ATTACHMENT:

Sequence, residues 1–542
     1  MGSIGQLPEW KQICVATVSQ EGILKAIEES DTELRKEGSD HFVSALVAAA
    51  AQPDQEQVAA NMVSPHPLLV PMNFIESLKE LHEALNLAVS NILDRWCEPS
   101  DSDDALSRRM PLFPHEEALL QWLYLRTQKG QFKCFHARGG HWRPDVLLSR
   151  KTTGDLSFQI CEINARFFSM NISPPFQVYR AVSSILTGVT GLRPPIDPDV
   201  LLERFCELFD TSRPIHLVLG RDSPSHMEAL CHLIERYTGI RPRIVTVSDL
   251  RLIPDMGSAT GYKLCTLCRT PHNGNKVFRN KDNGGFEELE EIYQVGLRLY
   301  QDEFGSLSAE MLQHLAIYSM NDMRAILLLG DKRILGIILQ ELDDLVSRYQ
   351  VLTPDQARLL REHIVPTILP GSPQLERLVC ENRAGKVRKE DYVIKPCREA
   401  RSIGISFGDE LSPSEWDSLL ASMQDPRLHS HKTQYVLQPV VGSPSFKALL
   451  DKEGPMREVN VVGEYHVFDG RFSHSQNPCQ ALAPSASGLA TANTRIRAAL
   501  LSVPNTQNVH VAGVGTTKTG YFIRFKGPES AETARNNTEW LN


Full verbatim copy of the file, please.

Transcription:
Sequence, residues 1–542
     1  MGSIGQLPEW KQICVATVSQ EGILKAIEES DTELRKEGSD HFVSALVAAA
    51  AQPDQEQVAA NMVSPHPLLV PMNFIESLKE LHEALNLAVS NILDRWCEPS
   101  DSDDALSRRM PLFPHEEALL QWLYLRTQKG QFKCFHARGG HWRPDVLLSR
   151  KTTGDLSFQI CEINARFFSM NISPPFQVYR AVSSILTGVT GLRPPIDPDV
   201  LLERFCELFD TSRPIHLVLG RDSPSHMEAL CHLIERYTGI RPRIVTVSDL
   251  RLIPDMGSAT GYKLCTLCRT PHNGNKVFRN KDNGGFEELE EIYQVGLRLY
   301  QDEFGSLSAE MLQHLAIYSM NDMRAILLLG DKRILGIILQ ELDDLVSRYQ
   351  VLTPDQARLL REHIVPTILP GSPQLERLVC ENRAGKVRKE DYVIKPCREA
   401  RSIGISFGDE LSPSEWDSLL ASMQDPRLHS HKTQYVLQPV VGSPSFKALL
   451  DKEGPMREVN VVGEYHVFDG RFSHSQNPCQ ALAPSASGLA TANTRIRAAL
   501  LSVPNTQNVH VAGVGTTKTG YFIRFKGPES AETARNNTEW LN